Avi Liberman

Birthright saves

On the life or death value of encouragement and appreciation

Ask most standup comics and they often can’t remember a lot of the great shows they have done, but we always remember the bad ones. I can hear my buddies now, “Well then Liberman, you must have a ton of stories to tell!” Yeah, yeah.

Poker players are the same way. Ask them about a good hand they once got and they may recall one or two, but ask them how they got screwed over on a hand and the stories will be endless about some idiot who stayed in when he shouldn’t have and caught some miracle card, etc. I guess it’s why a lot of comics play poker. We seem to be gluttons for punishment, and the choice to try and succeed at this profession is a gamble in itself.

But every now and then, the gamble pays off. You have that one show, get that one compliment, and get that one great hand that you remember.

I remember the best compliment I ever got. I was lucky enough to be able to do shows for the troops in Iraq and Afghanistan. In Iraq, the late great comedian, Scott Kennedy (may his memory be for a blessing — he went once a month for over a year) took me along with Eddie Gosling, another great comic. In Afghanistan, I went with Butch Bradley, who has since come to Israel twice on the Comedy For Koby Tour. After one of the shows, a soldier came up to us and said, “You guys just saved some lives today.”

I was a bit confused and responded, “I think you’ve got it backwards. It’s you guys who save the lives. We’re just out here telling some jokes and hoping that they are funny enough that you don’t leave us behind in a convoy.”

He smirked and then responded seriously. “You don’t get it do you.”

Clearly I didn’t.

“Research shows that soldiers have better reaction times when they are in better moods. You guys just did that. There may be some soldier out there who may respond a split second faster now, and in the field, that can be the difference between life and death.”

It was a bit much to take in, and obviously compared to what these guys do every day, our shows pale in comparison, but it was still nice to hear. It may apply to the guys we did shows for, it may not, but there was no way to know for sure. But, lets say that it does.

I’m sitting on plane right now with a group of young adults staffing a Birthright trip geared for people in Arts and Entertainment, just as a ceasefire with Hamas was announced. Not sure if it will hold, and we know that rockets could start flying again at any second.

Ten of the people on our trip cancelled, but thirty of them didn’t.

Plenty of parents called concerned, plenty of the participants on the trip had a lot of questions, but in the end most showed up in an era where news splashes only the most horrific things on the screen. If you haven’t been to Israel before, you’d think you would be flying into a war zone where you’d be running for cover every two minutes, so I give them a lot of credit.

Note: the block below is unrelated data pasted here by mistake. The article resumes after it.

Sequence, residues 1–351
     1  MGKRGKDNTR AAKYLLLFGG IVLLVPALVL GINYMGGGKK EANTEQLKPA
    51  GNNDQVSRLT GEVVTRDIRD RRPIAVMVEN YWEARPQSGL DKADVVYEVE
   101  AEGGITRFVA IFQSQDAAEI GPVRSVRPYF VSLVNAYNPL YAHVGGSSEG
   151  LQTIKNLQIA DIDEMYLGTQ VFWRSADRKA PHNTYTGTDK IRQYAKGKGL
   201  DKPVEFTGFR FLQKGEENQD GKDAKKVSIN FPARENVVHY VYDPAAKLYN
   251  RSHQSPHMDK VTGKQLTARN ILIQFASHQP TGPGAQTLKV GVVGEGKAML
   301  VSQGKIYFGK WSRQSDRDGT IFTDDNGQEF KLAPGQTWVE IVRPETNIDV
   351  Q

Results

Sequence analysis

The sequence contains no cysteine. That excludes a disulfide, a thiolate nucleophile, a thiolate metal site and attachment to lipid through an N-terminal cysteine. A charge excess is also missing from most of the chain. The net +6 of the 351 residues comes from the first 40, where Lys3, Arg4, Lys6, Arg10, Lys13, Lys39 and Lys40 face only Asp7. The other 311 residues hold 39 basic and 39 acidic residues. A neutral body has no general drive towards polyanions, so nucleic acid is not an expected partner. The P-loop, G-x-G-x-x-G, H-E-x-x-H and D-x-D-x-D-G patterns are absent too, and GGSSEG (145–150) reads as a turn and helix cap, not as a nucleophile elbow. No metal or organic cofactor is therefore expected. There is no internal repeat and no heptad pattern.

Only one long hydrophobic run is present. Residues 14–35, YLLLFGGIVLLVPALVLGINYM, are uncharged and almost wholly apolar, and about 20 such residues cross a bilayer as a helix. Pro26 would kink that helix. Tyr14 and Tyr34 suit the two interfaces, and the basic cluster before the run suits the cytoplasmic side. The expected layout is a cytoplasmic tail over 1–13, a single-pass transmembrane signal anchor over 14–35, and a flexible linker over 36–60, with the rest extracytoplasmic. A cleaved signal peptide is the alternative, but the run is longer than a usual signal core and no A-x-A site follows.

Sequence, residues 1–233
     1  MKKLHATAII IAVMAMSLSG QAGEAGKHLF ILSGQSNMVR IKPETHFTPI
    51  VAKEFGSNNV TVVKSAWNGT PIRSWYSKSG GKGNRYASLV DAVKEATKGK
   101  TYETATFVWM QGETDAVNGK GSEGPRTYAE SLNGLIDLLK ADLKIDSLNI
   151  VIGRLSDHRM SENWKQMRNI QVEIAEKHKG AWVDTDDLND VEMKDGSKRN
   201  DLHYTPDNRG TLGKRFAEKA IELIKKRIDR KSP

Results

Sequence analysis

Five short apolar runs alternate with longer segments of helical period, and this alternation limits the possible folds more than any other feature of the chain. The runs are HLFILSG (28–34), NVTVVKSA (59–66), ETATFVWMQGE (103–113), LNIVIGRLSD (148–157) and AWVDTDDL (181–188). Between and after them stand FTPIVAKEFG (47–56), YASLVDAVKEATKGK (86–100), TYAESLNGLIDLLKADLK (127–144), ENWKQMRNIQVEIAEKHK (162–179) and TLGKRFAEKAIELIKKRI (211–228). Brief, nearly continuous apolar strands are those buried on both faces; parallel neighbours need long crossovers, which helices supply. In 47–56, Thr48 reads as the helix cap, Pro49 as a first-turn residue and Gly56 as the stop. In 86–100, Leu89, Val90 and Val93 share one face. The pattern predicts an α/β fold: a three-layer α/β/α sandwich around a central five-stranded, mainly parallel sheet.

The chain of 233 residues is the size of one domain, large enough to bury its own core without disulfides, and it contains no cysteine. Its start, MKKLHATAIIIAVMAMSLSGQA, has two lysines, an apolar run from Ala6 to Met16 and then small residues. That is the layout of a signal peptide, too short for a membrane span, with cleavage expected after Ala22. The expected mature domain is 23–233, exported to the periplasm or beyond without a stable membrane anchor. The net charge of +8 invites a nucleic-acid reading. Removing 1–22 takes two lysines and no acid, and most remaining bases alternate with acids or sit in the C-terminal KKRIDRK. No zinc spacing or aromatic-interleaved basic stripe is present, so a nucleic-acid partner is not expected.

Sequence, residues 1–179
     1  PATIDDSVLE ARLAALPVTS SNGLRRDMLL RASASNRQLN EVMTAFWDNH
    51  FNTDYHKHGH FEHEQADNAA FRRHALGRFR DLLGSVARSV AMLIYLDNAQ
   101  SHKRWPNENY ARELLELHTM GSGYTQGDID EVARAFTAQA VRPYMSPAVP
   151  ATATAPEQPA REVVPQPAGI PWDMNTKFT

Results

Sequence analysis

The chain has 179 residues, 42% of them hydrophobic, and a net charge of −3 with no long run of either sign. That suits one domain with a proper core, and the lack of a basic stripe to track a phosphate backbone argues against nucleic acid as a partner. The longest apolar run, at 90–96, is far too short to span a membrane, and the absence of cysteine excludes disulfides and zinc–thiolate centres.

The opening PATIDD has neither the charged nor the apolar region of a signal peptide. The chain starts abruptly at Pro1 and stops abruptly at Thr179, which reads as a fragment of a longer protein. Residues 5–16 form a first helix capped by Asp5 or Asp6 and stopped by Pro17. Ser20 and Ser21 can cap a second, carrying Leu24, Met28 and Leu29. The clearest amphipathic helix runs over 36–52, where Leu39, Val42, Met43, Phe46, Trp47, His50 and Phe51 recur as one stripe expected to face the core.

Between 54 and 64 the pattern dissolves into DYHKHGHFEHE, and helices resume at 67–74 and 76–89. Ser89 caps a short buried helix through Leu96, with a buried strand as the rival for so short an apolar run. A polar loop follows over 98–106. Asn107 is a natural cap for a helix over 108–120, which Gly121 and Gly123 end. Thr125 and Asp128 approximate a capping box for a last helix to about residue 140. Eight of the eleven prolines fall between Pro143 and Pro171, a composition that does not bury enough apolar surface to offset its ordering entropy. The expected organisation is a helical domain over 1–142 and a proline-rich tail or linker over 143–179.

Most people who know anything about Birthright, know that part of the program includes soldiers joining every group so the participants can interact with other Israelis their own age. I’ve staffed three trips and it almost always ends up being a highlight not only for the Birthrighters, but for the soldiers also. We meet them at a bus stop, they are immediately welcomed and usually by the following morning you’d think they were on the trip from the beginning. When they leave the group, there are tears, and some (even though they are not supposed to) surprise the group later by meeting them out during one of our nights in Jerusalem or Tel Aviv.

On the last trip when one of them did that, a flood of about twenty of the participants went running towards him and engulfed him in a giant hug. Our guide Zev just looked at me, smiled and we both gave a “What can you do?” look to each other. Bottom line, those Birthrighters put him in a better mood.

I know there have been some things written about Max Steinberg, a Birthright Alum and IDF soldier who was killed in this most recent conflict. That somehow, Birthright was used as some kind of recruitment tool to get him to join the IDF. While being patently absurd and just plain false, even if you took that warped view that Birthright somehow contributed to a young man dying because he was inspired enough by the program to join the IDF, I’ll take the other point of view. Maybe Birthright saves lives. Maybe it saves them in the thousands.

I asked some of the soldiers if they felt any animosity towards the people coming on a free trip, and the answer was always no. They love seeing them come. How much more do you think they like it when times are a little tough in Israel? Some soldier walking by may see a group of Birthrighters and think, “Look, they are still coming and haven’t abandoned us.” It may put him in a better mood. No way to know for sure, but no way not to know either.

So, I salute the thirty with no prior knowledge what the reality on the ground is, who decided to go. In my opinion they are saving lives. Is it a gamble to go to Israel now? Maybe, but I don’t think so. I get more nervous playing poker. “The way you play Liberman, you should!”

Yeah, yeah.

About the Author
Avi Liberman is a stand-up comic who was born in Israel, raised in Texas and now lives in Los Angeles. Avi founded Comedy for Koby, a bi-annual tour of Israel featuring some of America's top stand-up comedians.